Jumping squats are especially hard on the knees if your body isn’t accustomed to regular squats or plyometric exercises. Work your way up to this explosive exercise by starting with regular squats then adding momentum slowly.
5. Upright Rows
Upright rows are done by raising your elbows above your ears while holding weights. “Pulling weights up under the chin is a big no-no,” says fitness trainer and podiatrist Jodai Saremi. “When people [do that], they are going to compress the nerves in the shoulder area, impinging the shoulder.”
To get the same benefits of this popular exercise, try the exercise sitting down, and leaning forward to 90 degrees at the hip. This will relieve tension and allow the shoulders to move more naturally.
Remember, when you’re working out the cardinal rule is if it hurts, stop. Your body is telling you that something is wrong – either you’re attempting too much weight, you’re out of alignment, or your form is off.
Use This Post-Workout Routine to Improve Workout Results
Whether you attempt any of these potentially dangerous exercises or stick completely to safe ones, here’s an easy three-part post-workout routine that will help you recover quickly and improve your workout results.
Working your muscles to fatigue is a good way to break them down to build back larger than ever. But they won’t build overnight. Give the muscles you worked out at least 48-72 hours to fully recover.
In order to build muscle, you need enough of the building blocks your body requires to build it. Eat more protein – and, contrary to popular opinion, eat more fat, too. Give your body the immediate nutrition it needs within an hour of workout with a 60/40 (carb / protein) snack.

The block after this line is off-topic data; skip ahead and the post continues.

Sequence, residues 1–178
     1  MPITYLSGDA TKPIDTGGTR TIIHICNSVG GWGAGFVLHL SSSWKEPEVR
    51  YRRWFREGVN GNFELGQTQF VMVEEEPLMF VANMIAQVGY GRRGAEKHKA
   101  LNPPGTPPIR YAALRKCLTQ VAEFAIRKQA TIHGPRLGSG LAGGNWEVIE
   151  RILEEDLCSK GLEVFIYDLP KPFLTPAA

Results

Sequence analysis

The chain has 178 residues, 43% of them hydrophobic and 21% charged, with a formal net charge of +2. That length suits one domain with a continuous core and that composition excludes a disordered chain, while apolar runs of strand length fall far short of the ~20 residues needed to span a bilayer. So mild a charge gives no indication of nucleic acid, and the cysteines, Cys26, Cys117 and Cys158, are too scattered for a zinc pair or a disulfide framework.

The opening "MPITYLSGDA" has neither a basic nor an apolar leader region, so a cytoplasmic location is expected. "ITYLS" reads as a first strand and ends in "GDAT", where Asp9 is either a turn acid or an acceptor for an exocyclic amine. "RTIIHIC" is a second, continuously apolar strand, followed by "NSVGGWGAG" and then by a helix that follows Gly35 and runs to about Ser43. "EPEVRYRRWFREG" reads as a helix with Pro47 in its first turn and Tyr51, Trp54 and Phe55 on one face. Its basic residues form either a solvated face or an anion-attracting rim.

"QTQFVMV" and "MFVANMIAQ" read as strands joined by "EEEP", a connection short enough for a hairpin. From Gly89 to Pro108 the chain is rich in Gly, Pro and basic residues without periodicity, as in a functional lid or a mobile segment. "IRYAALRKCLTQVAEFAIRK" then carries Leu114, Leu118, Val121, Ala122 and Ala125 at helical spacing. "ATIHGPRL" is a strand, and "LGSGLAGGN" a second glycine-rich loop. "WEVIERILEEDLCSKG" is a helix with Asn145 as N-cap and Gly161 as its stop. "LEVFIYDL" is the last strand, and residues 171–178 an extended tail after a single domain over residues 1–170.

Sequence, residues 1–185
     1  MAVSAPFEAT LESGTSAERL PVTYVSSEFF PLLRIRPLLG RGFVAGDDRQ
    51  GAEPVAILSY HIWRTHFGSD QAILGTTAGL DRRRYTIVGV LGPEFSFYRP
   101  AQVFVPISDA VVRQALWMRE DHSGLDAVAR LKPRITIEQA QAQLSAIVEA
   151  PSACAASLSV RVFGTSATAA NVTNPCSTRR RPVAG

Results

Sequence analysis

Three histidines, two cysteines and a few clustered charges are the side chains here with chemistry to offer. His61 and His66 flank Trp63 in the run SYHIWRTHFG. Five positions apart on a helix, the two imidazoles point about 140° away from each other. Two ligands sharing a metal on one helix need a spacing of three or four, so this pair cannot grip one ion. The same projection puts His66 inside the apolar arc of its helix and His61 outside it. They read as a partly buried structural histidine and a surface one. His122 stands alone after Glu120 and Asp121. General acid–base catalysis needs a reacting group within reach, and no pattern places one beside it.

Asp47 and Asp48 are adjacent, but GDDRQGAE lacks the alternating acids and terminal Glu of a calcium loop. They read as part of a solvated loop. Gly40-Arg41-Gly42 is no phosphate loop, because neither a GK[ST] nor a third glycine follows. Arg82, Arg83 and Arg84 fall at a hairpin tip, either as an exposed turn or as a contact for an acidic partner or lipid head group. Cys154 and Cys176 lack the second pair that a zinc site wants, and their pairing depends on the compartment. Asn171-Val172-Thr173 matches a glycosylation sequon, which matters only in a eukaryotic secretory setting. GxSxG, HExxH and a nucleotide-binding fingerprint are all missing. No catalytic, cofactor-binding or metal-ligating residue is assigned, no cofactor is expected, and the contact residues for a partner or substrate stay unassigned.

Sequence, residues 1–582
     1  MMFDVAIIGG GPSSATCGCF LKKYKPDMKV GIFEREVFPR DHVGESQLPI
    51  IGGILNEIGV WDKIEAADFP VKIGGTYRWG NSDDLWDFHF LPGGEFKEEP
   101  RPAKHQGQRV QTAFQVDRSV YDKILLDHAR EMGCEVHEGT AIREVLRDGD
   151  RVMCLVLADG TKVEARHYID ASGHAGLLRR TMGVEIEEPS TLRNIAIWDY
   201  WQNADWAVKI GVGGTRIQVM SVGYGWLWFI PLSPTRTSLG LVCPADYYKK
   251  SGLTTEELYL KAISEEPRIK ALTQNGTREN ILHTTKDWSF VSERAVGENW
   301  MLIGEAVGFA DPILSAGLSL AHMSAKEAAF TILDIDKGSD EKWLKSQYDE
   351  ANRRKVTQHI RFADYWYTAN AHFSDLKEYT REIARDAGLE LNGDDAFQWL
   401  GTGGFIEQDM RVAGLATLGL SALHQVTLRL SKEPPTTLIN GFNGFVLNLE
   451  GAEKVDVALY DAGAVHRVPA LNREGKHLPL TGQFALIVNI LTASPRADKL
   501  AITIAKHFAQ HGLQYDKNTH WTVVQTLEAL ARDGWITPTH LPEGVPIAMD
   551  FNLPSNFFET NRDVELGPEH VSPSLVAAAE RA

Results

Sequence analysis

A regular diet with 30% or so of calories coming from healthy fats help you maintain critical testosterone levels needed for muscle development while minimizing post-workout muscle breakdown.
Besides testosterone, maintaining adequate levels of human growth hormone are also important for helping your body repair post-workout muscle tears and build new muscle.
Proteolytic enzymes serve a key post-workout role: wrapping up the muscle repair process.
Every workout, your muscles break down with microscopic tears in the muscle fibers. During the repair process, your body sends fibrin (scar tissue) to repair the tears.
Once the healing process has completed, your body sends proteolytic enzymes to eat up excess fibrin and scar tissue to restore mobility and relieve related inflammation pain. The problem is by your late 20s the levels of these crucial enzymes in your body plummets.
A natural proteolytic enzyme supplement taken at least a half hour before or an hour after a meal can give your body the boost it needs to finish the repair process and relieve post-workout pain quickly.
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Lemon A. Top 3 Most Dangerous Exercises: The Bench Press. The Sports & Spinal Group.
Greer J. Scary Injury for USC Football Player. US News & Education: The Paper Trail. 2009 Sep 29.
Sarnataro B. 9 Least Effective Exercises. WebMD: Fitness and Exercise.